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The Gentle Gunman (1952)

 -  Drama  -  10 October 1953 (USA)
6.6
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Ratings: 6.6/10 from 105 users  
Reviews: 4 user | 1 critic

IRA member Terry modifies his violent views after working undercover in wartime London. When his co-conspirators are arrested, he ensures that his brother Matt escapes back to Ireland. ... See full summary »

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Title: The Gentle Gunman (1952)

The Gentle Gunman (1952) on IMDb 6.6/10

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Cast

Complete credited cast:
...
...
...
Elizabeth Sellars ...
Barbara Mullen ...
Eddie Byrne ...
Joseph Tomelty ...
Dr Brannigan
Liam Redmond ...
James Kenney ...
Johnny Fagan
Michael Golden ...
Murphy
...
Patsy McGuire (as Jack McGowran)
Gilbert Harding ...
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Storyline

IRA member Terry modifies his violent views after working undercover in wartime London. When his co-conspirators are arrested, he ensures that his brother Matt escapes back to Ireland. Terry follows and the local group have to decide what to do about him and about their imprisoned colleagues being shipped to Belfast. Written by Jeremy Perkins <jwp@aber.ac.uk>

Plot Summary | Add Synopsis

Plot Keywords:

ealing | based on play

Taglines:

They Branded Him a Coward...and paid in full for their mistake. See more »

Genres:

Drama

Certificate:

Approved | See all certifications »
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Details

Country:

Language:

Release Date:

10 October 1953 (USA)  »

Also Known As:

The Gentle Gunman  »

Company Credits

Show detailed on  »

Technical Specs

Runtime:

Sound Mix:

(RCA Sound System)

Aspect Ratio:

1.37 : 1
See  »
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Did You Know?

Trivia

Edward Byrne, Michael Golden, and E.J Kennedy had also featured in a 1950 TV play in different roles. See more »

Connections

Featured in Irish Cinema: Ourselves Alone? (1995) See more »

Soundtracks

Moonshiner
(uncredited)
Traditional
Arranged by Delia Murphy
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User Reviews

 
Everything is relative ... even the impact of terrorism
7 December 2005 | by (Zurich, Switzerland) – See all my reviews

As fate would have it, I bought a low price DVD with this movie shortly before the bomb attacks on the London underground on July 7th, 2005. I suppose the story is based on real facts. Members of the IRA planted bombs in London's underground system during WW II. This is what happens in the first part of this movie anyway, and an amazing amount of footage seems to have been shot on real locations. Dirk Bogarde plays the young Irishman who deposits the suitcase with the time bomb on a station platform full with families and children who are bedding down for a night during the Blitz, John Mills is his older brother, also a member of the terrorist gang but beset by moral qualms. He follows the Bogarde character and manages to throw the bomb into the tunnel just before it explodes.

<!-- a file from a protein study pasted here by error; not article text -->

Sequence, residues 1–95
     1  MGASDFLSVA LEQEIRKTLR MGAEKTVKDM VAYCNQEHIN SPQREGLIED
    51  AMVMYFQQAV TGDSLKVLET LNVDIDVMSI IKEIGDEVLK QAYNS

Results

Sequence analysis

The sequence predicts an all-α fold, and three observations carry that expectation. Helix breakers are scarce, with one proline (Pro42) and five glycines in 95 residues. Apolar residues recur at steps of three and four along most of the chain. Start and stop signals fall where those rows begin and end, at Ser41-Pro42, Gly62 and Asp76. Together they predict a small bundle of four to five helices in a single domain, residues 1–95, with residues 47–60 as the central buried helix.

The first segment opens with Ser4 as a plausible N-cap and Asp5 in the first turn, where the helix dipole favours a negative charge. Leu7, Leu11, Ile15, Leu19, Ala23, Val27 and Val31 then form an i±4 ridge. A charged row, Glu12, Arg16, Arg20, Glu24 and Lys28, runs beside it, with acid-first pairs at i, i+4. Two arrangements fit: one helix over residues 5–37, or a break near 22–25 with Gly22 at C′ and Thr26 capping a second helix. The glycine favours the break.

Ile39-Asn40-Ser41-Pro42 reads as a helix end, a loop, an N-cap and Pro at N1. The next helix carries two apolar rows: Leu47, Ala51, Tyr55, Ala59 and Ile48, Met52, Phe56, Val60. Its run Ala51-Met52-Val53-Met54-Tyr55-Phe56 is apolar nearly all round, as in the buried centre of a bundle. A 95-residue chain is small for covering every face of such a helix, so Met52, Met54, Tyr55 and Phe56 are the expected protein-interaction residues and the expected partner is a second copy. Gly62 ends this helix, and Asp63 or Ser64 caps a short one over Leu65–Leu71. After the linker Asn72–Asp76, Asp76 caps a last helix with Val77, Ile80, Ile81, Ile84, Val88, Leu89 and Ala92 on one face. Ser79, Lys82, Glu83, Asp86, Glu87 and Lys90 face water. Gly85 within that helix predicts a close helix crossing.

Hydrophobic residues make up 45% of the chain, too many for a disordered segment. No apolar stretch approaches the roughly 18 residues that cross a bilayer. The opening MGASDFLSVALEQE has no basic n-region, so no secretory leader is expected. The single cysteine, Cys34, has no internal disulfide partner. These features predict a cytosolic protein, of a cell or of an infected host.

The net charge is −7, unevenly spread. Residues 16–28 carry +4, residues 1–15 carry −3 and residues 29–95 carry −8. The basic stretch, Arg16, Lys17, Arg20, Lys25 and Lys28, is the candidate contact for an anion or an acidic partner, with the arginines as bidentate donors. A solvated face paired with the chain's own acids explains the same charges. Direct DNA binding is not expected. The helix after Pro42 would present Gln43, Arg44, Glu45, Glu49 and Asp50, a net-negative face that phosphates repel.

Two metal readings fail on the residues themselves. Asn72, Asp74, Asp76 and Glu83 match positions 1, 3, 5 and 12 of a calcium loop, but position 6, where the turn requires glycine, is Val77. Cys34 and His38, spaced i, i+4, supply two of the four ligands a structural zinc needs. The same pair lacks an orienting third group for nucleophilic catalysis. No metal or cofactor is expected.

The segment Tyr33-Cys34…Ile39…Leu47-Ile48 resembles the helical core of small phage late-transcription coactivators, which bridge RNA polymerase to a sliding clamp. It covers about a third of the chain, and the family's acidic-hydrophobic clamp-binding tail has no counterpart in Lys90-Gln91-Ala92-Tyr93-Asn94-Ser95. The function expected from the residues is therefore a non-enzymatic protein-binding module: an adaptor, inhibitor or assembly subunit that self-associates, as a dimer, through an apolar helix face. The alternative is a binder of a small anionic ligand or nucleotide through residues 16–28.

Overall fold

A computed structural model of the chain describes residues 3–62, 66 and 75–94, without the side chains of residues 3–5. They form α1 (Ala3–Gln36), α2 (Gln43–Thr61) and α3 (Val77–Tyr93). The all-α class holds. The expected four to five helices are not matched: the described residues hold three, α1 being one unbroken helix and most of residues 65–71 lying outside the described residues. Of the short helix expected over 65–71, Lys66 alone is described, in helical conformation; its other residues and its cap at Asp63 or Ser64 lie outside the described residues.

Basically this is a story about the questioning of causes and of the justification of terrorist acts, specially in relation to the situation in Northern Ireland. In this aspect it is not unlike Carol Reed's Odd Man Out, made a few years earlier. The main character takes a critical view of the actions of the terrorists who in turn suspect him of being a traitor (not without reason). The action soon moves to an isolated road house on the Green Island, the base of the gang, and the point is clearly made, that all the actions of the terrorist are senseless and just cause harm to many innocent people without achieving anything but generating more suffering and hate.

What is really interesting for a viewer of our days about this movie is how the issue of terrorism is treated. The terrorists are basically presented as misguided dimwits who will never be able to shake the system. Compared with how terrorism is regarded today this treatment struck me as being a very mild and strangely relaxed view of people ready to commit atrocities. But then I came to understand that even terrorism and its impact have to be relativised. Compared with the surface bombings by German planes during the Blitz (a memory certainly still very fresh in 1952), the damages caused by a group of terrorists must have seemed very limited indeed.


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